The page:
Rant: ultrasound visualization of pills in the stomach will never make sense
Konstantin Shevtsov/shutterstock.com 2 out of 5 stars Accuracy of Trans-Abdominal Ultrasound in a Simulated Massive Acute Overdose. Sullivan S et al. Am J Emerg Med 2016 Apr 23 [Epub ahead of print] Abstract As soon as emergency portable bedside ultrasound became feasible approximately three decades ago, toxicologists wondered if it would be a useful modality for visualizing pills in the stomach of overdose patients. The answer, clearly, is no it would not. This misguided paper illustrates why. This randomized study had a study group (N=10) and a control group (N=10) ingest 50 enteric-coated placebo capsules plus 1 L fluid, or or 1 L fluid only. Ultrasound imaging of the stomach was performed and interpreted by 3 emergency ultrasound-trained sonographers attires 0, 60, and 90 minutes after ingestion. All subjects fasted for at least 6 hours before the study. Without going into the weeds with precise numbers (consult the abstract if you’re really interested,) we can say that even under these ideal conditions, the sensitivity and specificity of the test were lousy. This is consistent both with the results of a previous pilot study and with common sense. Furthermore, the authors’ premise is ill-considered: In many cases, traditional ED decontamination therapy with activated charcoal, whole bowel irrigation with polyethylene glycol, and gastric lavage are limited to the first hour post-ingestion. . . .If effective, ultrasound would allow visualization of ingested c...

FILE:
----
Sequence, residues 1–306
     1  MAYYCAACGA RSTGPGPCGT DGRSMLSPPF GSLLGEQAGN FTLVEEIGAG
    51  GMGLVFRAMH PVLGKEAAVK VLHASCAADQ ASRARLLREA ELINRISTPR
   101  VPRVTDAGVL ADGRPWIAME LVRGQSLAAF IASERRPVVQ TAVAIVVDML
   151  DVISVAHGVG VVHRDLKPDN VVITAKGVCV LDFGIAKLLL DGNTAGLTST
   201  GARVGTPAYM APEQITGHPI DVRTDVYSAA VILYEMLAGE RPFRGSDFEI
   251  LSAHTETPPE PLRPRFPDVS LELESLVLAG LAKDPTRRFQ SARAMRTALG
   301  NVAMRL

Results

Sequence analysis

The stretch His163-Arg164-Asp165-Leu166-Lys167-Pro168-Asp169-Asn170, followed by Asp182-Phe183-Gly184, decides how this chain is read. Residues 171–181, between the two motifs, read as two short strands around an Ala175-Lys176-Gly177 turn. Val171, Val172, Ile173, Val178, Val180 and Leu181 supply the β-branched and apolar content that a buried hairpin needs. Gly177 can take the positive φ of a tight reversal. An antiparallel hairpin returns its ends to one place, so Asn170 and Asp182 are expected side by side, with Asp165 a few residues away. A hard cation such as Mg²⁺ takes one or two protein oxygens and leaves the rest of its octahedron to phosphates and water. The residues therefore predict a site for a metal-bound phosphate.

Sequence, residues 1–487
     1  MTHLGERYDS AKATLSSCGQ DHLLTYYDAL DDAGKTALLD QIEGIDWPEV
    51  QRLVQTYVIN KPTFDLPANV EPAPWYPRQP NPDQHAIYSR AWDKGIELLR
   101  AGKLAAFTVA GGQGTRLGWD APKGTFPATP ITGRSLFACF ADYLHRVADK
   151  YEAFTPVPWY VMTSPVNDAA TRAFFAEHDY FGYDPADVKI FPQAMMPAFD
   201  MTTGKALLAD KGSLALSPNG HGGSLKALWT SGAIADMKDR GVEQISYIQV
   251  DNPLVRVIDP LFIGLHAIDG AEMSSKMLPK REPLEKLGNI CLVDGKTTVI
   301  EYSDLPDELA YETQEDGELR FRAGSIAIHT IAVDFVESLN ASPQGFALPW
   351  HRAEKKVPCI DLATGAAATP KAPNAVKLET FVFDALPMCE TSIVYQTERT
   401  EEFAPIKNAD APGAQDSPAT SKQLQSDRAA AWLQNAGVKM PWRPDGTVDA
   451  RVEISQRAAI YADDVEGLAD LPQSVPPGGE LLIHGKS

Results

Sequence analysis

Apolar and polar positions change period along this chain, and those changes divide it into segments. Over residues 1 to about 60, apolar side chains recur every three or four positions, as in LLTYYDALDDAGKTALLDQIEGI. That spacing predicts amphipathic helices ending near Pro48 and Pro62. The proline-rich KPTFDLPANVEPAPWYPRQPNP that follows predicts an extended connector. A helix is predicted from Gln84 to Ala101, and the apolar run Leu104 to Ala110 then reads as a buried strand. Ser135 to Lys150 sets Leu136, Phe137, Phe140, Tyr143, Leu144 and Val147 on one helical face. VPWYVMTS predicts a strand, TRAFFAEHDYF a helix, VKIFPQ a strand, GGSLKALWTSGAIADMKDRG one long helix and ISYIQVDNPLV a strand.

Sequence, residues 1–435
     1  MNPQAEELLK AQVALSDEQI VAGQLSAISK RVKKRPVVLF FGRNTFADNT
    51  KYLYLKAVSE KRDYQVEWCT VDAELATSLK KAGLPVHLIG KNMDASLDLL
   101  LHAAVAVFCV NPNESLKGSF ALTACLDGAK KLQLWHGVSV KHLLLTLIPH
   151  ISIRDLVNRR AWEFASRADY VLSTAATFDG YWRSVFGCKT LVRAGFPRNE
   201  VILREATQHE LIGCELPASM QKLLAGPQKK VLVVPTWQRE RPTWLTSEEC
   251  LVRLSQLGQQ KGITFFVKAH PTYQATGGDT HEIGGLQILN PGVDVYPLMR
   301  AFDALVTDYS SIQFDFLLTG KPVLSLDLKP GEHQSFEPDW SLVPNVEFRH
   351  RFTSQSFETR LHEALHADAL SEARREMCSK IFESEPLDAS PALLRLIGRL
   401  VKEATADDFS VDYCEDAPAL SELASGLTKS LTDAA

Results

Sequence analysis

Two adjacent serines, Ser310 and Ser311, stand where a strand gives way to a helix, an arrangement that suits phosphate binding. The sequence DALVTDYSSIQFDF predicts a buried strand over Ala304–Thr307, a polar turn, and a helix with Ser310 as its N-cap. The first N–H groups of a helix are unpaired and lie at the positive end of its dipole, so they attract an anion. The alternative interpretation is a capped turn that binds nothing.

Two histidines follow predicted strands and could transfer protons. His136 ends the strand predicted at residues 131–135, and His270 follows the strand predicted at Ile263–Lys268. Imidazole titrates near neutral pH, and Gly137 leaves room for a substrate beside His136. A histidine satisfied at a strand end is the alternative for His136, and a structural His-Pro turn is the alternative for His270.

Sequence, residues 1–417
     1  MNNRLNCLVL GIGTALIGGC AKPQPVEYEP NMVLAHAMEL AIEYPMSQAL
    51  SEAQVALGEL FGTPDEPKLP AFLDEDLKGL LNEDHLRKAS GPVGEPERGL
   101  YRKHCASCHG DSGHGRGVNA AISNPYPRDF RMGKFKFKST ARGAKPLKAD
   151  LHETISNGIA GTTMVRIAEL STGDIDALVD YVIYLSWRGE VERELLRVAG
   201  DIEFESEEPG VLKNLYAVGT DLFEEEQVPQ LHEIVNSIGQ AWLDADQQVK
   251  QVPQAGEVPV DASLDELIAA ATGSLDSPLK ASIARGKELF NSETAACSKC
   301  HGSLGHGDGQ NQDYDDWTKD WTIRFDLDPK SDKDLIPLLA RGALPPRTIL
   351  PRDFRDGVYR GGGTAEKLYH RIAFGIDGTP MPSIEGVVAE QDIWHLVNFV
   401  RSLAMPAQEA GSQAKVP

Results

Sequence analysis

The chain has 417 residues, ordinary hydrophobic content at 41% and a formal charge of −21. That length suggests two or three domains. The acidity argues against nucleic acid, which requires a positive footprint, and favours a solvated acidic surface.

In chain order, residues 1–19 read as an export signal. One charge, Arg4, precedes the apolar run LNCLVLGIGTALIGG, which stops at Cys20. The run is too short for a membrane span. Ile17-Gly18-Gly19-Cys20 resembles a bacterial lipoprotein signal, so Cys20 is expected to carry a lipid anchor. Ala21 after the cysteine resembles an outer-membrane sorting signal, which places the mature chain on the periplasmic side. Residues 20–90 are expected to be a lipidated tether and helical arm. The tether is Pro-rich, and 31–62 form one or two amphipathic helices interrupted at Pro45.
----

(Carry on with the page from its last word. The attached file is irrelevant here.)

Source: The Poison Review - Category: Toxicology Authors: Leon Gussow Tags: Medical activated charcoal acute ingestion gastric lavage sonography ultrasound whole bowel irrigation Source Type: news
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